On October 19, 2016, the US Food and Drug Administration (FDA) approved a new drug, Lartruvo (olaratumab), to treat adults with certain soft tissue sarcomas (STS). Specifically, cancers that develop in muscles, fat, tendons or other soft tissues. Lartruvo is approved alongside the already approved drug doxorubicin for the treatment of patients with STS who cannot be cured with radiation or surgery and who have a type of STS for which an anthracycline (chemotherapy) is an appropriate treatment.
Lartruvo’s approval marks the first time the FDA has approved an initial treatment of STS in over 40 years. The National Cancer Institute estimates that 12,310 new cases of STS and nearly 5,000 deaths are likely to occur from the disease in 2016. The most common treatment for STS that cannot be removed by surgery is treatment with doxorubicin alone or with other drugs. STS includes a wide variety of tumors arising in the muscle, fat, blood vessels, nerves, tendons or the lining of the joints.
The FDA is approving Lartruvo under the agency’s accelerated approval program, which allows approval of a drug to treat a serious or life-threatening disease or condition based on clinical data showing the drug influences a surrogate endpoint that is reasonably likely to predict clinical benefit. Lartruvo also received orphan drug designation, which provides incentives such as tax credits, user fee waivers and eligibility for exclusivity to assist and encourage the development of drugs intended to treat rare diseases
On September 2, 2016 the U.S. Food and Drug Administration (FDA) issued a final ruling that 19 ingredients (most importantly triclosan and triclocarban) in over-the-counter (OTC) consumer antiseptic wash products are not Generally Recognized as Safe and Effective (GRAS/GRAE). This final rule follows the FDA’s commitment to review all OTC products marketed in the U.S. on or before May 1972.
The ruling comes after a proposed rule in 2013 requiring the manufactures of these products to demonstrate both their long term daily use safety and more effective than generic soap through clinical studies pursuant to their review of their GRAS/GRAE status. The manufacturers either failed to clinically demonstrate the safety and effectiveness of their products or did not submit any data at all. The manufacturers now have one year to remove their products containing the newly banned ingredients.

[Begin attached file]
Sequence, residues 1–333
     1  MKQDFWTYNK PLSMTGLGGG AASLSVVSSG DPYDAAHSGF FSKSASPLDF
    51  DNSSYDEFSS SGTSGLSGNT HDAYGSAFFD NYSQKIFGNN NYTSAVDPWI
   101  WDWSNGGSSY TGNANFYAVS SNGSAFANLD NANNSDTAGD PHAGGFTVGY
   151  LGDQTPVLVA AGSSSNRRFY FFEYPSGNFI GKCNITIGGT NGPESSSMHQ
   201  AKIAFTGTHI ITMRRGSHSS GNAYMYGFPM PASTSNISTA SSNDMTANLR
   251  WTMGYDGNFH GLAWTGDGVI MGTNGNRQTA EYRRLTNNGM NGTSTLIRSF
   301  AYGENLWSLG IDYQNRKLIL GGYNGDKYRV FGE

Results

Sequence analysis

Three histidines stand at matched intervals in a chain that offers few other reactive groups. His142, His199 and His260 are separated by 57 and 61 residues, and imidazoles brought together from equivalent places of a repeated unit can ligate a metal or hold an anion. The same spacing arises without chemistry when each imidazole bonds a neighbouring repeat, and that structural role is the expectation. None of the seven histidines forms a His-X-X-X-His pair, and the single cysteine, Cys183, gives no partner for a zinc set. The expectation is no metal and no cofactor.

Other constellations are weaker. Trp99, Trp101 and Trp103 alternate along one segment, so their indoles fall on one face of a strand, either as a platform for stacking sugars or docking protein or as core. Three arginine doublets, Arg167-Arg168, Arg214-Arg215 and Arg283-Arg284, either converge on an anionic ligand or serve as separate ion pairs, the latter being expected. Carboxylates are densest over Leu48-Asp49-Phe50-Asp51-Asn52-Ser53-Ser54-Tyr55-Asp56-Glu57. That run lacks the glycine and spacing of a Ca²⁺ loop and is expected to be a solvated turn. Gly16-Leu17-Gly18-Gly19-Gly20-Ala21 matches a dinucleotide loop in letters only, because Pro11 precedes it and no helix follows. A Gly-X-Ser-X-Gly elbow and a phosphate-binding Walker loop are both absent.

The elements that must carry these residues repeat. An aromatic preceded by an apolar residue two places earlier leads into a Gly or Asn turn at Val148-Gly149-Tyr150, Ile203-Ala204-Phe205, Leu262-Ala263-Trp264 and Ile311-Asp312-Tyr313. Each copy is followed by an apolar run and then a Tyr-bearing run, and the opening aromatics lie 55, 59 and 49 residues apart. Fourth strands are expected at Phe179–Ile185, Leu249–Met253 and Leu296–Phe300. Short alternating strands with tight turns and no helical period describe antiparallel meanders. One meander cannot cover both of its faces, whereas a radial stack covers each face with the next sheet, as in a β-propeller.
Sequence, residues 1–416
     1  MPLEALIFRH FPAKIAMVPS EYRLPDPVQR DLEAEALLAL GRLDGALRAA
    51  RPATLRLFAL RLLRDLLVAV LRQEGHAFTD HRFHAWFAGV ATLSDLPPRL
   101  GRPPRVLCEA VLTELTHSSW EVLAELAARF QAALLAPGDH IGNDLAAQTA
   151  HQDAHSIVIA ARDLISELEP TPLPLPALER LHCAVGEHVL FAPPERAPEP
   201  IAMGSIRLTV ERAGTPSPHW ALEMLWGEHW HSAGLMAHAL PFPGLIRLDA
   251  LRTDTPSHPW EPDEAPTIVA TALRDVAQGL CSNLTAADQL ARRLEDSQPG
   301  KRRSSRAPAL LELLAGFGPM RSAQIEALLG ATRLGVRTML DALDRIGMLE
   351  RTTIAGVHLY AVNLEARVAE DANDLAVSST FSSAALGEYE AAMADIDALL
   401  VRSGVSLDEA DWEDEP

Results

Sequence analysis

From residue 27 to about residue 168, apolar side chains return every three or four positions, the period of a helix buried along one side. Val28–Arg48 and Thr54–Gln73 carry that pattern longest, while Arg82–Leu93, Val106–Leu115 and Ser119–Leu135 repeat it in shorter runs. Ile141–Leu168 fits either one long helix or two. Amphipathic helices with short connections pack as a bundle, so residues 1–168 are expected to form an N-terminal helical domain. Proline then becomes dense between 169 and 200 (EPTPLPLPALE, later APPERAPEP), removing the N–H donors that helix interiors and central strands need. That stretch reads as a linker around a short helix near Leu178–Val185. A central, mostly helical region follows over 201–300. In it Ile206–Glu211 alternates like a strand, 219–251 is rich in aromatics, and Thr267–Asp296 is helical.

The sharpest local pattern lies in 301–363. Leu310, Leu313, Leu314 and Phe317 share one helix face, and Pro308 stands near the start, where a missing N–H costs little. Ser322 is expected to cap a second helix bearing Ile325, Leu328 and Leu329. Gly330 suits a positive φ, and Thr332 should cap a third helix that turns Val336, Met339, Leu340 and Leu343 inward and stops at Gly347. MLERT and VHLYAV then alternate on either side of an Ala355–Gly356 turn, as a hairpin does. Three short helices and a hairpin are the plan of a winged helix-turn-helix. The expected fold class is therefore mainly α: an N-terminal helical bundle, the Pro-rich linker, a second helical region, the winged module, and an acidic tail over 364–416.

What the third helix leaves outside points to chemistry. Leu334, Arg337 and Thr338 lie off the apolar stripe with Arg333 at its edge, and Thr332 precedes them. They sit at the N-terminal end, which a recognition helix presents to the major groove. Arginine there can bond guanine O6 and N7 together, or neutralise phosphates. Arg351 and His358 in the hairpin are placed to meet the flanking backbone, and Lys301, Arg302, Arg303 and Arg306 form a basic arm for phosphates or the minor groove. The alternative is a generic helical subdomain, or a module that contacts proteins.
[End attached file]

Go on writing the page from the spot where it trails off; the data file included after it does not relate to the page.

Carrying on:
However, the FDA did defer rulemaking on three other ingredients: benzalkonium chloride, benzethonium chloride, and chloroxylenol. Accordingly, this final rulemaking does not apply to these three products. The FDA made this decision in order to allow manufacturers additional time to conduct clinical trials and submit proper data.
On September 28, 2016 the U.S. Food and Drug Administration (FDA) approved Medtronic’s new insulin delivery system for people with Type 1 diabetes, the MiniMed 670G hybrid closed looped system (MiniMed 670G). The MiniMed 670G consists of two major parts: (1) an insulin pump, and (2) a continuous glucose monitor. These two components were already approved by the FDA separately and are already on the market. The MiniMed 670G however combines these two components together with a new part, a program which communicates between the two devices. The MiniMed 670G is therefore the first device to automatically monitor glucose (sugar) and provide appropriate basal insulin doses in people 14 years of age and older with type 1 diabetes. Specifically, the MiniMed 670G predicts when a person’s blood sugar is dropping and prevents the low in the first place, and also corrects high blood sugars. However, users still need to manually request insulin doses to counter carbohydrate (meal) consumption
The implication of Medtronic’s new system is enormous for those with Type 1 diabetes. The new capabilities mean they can both sleep through the night without worrying about their blood sugars dropping too low and can go through their day without having to think about their diabetes all the time, according to Aaron Kowalski, chief mission officer for the JDRF, the organization that funds much of the “artificial pancreas” research.
On September 15, 2016 the U.S. Food and Drug Administration [FDA] issued its first warning letter to a group of businesses and vendors for selling newly regulated tobacco products. The products specifically include e-cigarettes, e-liquids and cigars, being sold to minors.
This action comes following the FDA’s final rulemaking in May 2016 which extended its authority to all tobacco products including e-cigarettes, cigars, hookah tobacco and pipe tobacco, among others. Before finalizing the May 2016 rule, there was no federal law prohibiting retailers from selling e-cigarettes, hookah tobacco or cigars to people under age 18. Specifically, the new regulations restrict the sale of tobacco products by: (1) not allowing products to be sold, both in person or online, to persons under the age of 18; (2) requiring age verification by photo ID for all customers under age 27; (3) prohibiting the sale of covered tobacco in vending machines; and (4) prohibiting the distribution of free samples.
Data from the FDA and the Centers for Disease Control and Prevention show current e-cigarette use among high school students increased by more than 900 percent between 2011 and 2015, and hookah use also increased significantly during this time. Additionally, data show high school boys smoked cigars at about the same rate as cigarettes. The FDA’s first warning letter to businesses represents the agency’s first step in cracking down on tobacco sales to minors.